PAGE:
The latest phase of building works is underway for two new inpatient wards for mental health sufferers at the Peter Hodgkinson Centre in Lincoln.
The Peter Hodgkinson Centre, based at Lincoln County Hospital and run by Lincolnshire Partnership NHS Foundation Trust, provides hospital care for adults experiencing a mental health crisis.
This latest development comes as part of a £24 million investment to update the site’s facilities and provide single room ensuites for all patients, as well as removing old and dated shared dorms.
Plans were approved by City of Lincoln Council in December 2020, with staff welfare spaces drawn up alongside a new corridor link to the existing PHC. Improved car parking with associated landscaping works has also been scheduled.
It is hoped that these two new wards will be ready and open for patients in March 2023, with LPFT previously describing it as “a new standard of mental health care”.
The trust aims to remove clinical risk, improve privacy and dignity, as well as promote wellbeing and recovery for the patients that will use the two new 19 ensuite wards.
Sarah Connery, Chief Executive at LPFT, adds: “These new 19 bed wards will provide so many additional benefits to our patients. Most importantly creating individual ensuite bedrooms for the very first time, but also improving natural light, outside views, access to outdoor space, and modern and relaxing therapeutic spaces.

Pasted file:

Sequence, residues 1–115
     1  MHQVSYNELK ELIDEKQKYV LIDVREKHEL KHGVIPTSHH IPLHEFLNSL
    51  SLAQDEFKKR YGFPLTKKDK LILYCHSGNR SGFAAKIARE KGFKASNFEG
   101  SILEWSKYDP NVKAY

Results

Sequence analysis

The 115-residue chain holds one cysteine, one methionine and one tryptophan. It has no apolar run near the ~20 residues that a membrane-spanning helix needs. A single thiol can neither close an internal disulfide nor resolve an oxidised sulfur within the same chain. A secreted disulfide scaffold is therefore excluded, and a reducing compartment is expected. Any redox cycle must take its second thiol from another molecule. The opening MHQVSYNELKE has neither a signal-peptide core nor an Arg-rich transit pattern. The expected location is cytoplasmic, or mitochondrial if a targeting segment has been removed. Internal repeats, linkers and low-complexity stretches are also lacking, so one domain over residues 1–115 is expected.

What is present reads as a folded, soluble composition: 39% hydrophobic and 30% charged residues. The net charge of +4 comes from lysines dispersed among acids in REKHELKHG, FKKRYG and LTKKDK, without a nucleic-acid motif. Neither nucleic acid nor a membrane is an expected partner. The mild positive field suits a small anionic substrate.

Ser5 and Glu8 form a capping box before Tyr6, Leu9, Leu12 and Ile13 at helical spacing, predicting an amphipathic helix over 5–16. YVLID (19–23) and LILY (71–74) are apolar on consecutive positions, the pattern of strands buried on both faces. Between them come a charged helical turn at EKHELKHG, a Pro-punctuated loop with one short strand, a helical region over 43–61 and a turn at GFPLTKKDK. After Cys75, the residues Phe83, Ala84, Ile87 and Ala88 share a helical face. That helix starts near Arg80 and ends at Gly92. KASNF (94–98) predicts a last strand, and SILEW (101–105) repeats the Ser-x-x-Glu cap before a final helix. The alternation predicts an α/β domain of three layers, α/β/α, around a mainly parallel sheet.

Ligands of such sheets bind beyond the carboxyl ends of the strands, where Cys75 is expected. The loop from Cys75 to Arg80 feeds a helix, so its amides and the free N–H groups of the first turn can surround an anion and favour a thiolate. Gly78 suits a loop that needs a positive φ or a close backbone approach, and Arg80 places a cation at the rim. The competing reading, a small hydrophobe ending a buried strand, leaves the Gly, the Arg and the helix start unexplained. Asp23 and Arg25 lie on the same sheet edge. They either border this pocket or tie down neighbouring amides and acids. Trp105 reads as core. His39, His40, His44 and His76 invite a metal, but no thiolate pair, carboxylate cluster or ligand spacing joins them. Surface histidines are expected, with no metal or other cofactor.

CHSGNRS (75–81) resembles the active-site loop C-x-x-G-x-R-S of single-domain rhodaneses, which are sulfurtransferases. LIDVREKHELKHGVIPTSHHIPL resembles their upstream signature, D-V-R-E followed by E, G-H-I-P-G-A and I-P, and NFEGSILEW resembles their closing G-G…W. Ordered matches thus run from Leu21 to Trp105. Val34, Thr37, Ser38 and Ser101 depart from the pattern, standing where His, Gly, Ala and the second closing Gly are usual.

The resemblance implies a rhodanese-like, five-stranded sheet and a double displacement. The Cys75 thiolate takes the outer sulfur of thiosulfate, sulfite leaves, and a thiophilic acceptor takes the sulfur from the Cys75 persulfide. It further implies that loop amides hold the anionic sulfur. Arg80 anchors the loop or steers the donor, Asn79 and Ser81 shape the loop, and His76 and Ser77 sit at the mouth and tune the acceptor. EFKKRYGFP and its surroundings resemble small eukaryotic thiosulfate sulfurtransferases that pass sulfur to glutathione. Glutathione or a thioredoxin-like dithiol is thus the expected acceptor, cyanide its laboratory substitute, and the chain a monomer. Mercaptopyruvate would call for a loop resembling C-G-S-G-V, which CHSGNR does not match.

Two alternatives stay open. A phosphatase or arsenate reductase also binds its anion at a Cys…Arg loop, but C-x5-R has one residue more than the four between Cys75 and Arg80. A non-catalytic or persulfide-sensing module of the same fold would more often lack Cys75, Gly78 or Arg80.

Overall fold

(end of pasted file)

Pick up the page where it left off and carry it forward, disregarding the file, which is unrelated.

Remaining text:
“This is a major milestone in the project – and marks almost a year from when we are expecting the wards to officially open. We are really on a countdown now!”
Chris Winspear, VINCI Building and Integrated Health Partnerships (IHP) Regional Director, said: “Together with our specialist supply chain and subcontractor partners, we’re delighted to be involved in supporting LPFT towards achieving their future vision for the Peter Hodgkinson Centre.
“It has been a real honour to work with staff and Experts by Experience to design and create these wards which will provide the best environment possible for those in mental health crisis.”